Most IT groups do not track usage and cost well enough to make a case
Only 20% of the companies interviewed tracked all IT costs associated with managing applications. Most only tracked external costs, such as maintenance fees and contracted services. In most cases, the cost of maintaining existing applications is buried in the IT head count. Only 33% of the companies had chargeback mechanisms based on number of users or actual usage, and only 13% even measured usage. Companies that have outsourced much of their IT information often have the best data, in the form of an itemised bill from their service provider.
Business strategy shifts are the window of opportunity to rationalise the portfolio
The consensus of the research group is that application rationalisation is an element of a business change project, not a stand-alone project. Those that are successful tracked business change projects and looked for opportunities to standardise applications and shut off old ones. To succeed, they had to do the following:
- Deliver more functionality than the system replaced
- Remove an impediment to the new, streamlined business process
- Show that the new system would reduce the risk or accelerate the benefit of the business change
Business units in a cyclical downturn may need help
The biggest headaches our CIOs faced were business units that delayed application investment for years. Many were in cyclic industries that don't have time during the booms or money during the busts. The old legacy applications had accumulated hundreds of small feeder or analysis applications over the years, whose aggregated cost of maintenance is high.
A few CIOs indicated that they helped smaller units get on the corporate-standard applications by subsidising a portion, but not all, of the implementation costs. This lowered the financial hurdle for the business unit and removed a maintenance headache for the CIO.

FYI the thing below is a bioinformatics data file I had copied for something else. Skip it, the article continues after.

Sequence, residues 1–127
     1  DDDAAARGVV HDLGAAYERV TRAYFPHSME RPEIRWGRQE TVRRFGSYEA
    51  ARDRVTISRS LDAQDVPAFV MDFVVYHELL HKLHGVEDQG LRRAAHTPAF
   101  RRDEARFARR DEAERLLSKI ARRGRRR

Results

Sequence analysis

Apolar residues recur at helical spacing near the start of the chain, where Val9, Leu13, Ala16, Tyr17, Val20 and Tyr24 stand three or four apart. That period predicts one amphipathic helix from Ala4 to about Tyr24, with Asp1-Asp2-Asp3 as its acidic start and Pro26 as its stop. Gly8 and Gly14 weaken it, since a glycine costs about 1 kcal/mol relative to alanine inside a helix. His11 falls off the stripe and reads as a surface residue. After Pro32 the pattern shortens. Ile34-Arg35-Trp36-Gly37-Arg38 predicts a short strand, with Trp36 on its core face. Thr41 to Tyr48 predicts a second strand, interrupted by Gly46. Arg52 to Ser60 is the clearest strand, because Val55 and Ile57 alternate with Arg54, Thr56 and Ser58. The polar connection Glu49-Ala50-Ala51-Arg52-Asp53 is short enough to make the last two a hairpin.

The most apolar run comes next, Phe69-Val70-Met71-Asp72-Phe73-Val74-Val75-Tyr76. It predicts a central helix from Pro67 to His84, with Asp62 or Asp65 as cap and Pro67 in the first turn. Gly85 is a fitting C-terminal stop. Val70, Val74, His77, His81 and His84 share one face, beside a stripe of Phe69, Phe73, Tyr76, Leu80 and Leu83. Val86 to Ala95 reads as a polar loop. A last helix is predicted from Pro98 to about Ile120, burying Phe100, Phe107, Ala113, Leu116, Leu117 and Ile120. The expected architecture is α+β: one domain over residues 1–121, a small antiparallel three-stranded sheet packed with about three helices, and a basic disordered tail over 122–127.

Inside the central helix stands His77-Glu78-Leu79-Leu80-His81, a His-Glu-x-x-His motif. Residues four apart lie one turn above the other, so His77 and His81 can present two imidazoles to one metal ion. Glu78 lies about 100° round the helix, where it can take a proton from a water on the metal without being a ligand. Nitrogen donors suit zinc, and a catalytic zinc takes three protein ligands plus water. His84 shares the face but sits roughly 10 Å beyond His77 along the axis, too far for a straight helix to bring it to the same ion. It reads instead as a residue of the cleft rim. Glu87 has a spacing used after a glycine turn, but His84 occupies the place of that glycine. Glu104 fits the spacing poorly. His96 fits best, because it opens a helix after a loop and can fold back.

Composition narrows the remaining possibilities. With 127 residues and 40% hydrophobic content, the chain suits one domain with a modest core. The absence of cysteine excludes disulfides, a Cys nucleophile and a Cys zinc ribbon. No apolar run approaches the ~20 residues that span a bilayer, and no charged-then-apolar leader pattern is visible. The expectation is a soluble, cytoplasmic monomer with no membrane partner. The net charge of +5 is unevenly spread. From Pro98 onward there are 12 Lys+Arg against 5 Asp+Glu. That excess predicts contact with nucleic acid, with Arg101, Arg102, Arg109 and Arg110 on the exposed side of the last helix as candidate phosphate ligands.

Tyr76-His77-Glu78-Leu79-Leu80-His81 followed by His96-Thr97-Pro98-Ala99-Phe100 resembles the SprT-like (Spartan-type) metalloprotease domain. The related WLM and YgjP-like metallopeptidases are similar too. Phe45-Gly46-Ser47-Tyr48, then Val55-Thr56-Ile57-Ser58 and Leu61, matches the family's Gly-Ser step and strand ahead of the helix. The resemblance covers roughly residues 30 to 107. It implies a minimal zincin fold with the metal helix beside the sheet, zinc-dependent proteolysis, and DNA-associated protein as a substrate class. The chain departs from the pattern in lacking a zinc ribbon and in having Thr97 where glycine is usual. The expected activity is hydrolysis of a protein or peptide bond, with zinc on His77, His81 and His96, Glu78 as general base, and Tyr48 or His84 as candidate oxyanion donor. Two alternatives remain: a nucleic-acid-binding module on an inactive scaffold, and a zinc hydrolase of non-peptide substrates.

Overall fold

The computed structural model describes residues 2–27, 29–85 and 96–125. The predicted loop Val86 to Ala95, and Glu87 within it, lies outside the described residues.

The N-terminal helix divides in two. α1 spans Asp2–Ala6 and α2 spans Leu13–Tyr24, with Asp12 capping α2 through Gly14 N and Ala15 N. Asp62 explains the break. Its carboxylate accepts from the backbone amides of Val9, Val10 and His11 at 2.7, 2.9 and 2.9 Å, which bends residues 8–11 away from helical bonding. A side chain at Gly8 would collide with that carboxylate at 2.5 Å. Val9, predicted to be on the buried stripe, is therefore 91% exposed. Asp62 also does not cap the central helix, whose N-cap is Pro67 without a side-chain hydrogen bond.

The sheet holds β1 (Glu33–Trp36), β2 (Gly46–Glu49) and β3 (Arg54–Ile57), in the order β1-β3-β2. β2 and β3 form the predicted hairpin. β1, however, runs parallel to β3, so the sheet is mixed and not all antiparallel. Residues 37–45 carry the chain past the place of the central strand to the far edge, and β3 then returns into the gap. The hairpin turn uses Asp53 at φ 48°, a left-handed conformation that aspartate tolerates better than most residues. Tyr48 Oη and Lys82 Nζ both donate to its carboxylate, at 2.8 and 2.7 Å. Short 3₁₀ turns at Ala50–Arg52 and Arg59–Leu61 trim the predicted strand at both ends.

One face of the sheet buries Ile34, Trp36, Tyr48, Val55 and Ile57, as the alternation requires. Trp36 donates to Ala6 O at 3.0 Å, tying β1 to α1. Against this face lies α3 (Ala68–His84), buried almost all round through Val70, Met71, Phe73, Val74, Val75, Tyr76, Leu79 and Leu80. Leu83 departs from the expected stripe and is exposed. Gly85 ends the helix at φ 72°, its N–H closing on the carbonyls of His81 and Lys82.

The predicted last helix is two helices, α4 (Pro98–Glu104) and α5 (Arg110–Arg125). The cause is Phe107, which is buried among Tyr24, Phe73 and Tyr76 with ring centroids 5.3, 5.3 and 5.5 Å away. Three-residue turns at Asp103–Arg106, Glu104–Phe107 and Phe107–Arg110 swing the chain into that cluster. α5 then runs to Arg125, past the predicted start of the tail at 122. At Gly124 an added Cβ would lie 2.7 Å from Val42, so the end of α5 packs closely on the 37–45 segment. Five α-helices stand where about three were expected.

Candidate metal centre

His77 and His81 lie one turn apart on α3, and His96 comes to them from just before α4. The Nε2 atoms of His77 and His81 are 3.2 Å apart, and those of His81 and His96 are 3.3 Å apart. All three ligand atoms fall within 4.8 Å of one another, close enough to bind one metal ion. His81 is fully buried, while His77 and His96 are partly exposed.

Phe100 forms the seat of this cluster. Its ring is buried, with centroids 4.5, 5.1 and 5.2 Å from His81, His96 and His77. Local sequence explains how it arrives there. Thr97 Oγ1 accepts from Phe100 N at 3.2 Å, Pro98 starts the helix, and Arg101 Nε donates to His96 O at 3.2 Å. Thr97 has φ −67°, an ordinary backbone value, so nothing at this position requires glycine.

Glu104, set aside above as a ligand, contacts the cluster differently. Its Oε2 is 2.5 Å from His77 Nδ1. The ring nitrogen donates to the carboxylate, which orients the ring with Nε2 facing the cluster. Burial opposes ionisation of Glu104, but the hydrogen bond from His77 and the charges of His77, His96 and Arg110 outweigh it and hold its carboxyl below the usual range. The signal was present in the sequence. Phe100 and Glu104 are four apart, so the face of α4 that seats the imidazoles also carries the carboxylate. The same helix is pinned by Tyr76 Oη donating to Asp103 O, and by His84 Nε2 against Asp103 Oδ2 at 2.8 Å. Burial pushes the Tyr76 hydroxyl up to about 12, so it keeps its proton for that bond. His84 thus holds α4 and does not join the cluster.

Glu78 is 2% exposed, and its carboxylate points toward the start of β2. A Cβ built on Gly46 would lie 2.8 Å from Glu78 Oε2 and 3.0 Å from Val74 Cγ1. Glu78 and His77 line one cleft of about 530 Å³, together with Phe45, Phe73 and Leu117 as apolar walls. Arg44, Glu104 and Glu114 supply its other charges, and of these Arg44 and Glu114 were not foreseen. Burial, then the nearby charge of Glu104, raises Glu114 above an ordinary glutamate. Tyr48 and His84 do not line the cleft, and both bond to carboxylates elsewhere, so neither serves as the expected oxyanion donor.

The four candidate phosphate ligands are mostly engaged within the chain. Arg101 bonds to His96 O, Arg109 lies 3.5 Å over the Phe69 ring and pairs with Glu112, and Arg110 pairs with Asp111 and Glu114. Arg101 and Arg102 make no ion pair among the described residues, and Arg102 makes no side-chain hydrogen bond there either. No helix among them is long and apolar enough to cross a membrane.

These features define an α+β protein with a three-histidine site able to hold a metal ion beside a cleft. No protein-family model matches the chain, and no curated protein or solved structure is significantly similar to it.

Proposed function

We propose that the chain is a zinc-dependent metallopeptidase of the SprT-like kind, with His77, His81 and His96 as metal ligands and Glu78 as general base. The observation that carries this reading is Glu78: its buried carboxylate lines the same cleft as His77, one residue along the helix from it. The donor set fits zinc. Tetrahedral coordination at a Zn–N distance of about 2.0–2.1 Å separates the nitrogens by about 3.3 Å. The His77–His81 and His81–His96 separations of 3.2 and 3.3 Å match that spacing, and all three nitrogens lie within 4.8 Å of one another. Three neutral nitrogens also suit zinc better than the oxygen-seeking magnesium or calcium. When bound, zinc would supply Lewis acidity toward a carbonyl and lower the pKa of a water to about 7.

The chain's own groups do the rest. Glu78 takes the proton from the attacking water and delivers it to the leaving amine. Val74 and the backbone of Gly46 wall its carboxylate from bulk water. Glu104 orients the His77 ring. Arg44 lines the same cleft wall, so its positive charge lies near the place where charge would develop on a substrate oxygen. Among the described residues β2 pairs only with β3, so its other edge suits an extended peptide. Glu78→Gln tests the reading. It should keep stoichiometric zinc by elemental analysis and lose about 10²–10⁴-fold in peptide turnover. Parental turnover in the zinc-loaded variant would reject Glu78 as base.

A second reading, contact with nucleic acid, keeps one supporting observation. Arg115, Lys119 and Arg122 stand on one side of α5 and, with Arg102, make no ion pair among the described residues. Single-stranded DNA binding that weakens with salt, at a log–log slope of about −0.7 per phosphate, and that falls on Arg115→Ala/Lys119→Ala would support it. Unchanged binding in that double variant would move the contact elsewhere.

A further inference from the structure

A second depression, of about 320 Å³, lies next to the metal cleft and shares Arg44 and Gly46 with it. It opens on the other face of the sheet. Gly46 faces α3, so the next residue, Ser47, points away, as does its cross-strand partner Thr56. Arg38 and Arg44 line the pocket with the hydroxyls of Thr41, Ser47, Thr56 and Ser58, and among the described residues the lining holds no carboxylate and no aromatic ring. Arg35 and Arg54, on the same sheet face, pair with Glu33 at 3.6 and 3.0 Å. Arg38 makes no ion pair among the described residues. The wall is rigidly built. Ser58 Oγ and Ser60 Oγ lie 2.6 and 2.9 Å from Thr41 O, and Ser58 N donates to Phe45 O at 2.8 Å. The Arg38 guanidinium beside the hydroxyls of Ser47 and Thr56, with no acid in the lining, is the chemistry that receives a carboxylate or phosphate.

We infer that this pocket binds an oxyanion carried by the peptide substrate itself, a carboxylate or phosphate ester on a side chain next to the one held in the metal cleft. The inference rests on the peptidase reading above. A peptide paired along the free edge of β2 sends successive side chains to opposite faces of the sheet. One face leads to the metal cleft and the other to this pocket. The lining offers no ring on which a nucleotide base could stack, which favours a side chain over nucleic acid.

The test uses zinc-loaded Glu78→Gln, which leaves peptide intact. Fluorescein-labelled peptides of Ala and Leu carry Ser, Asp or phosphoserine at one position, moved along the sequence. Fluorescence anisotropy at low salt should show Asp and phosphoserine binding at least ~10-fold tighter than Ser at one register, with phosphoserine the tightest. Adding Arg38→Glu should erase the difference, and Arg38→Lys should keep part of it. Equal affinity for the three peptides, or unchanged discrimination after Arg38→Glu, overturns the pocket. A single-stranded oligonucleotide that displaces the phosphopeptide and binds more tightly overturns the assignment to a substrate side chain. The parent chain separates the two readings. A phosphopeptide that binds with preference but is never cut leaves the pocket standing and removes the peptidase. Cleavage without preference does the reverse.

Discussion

- Do a bottom-up inventory of the applications so you understand the costs associated with existing ones. IT network and asset management tools that automatically create an inventory of servers and desktops and organise cost information can help here.
- Correlate this with a top-down, business-process-based application inventory, identifying the core applications used by each business unit and what small feeder applications are used. Concentrate on the applications that consume the top 80% of your maintenance budget and staff time.
- Track down major strategic initiatives of the business units and determine which applications are likely to interfere with the goal. Prepare a case to sell the change to your business unit customers that emphasises new capabilities, acceleration of change, or removed obstacles in terms of their change plans.
- Go after applications whose usage has declined independently and quietly as a regular housekeeping task.
Bob Parker is vice-president and general manager, enabling technologies
Service at AMR Research. William Swanton is vice-president, product operations service at AMR Research.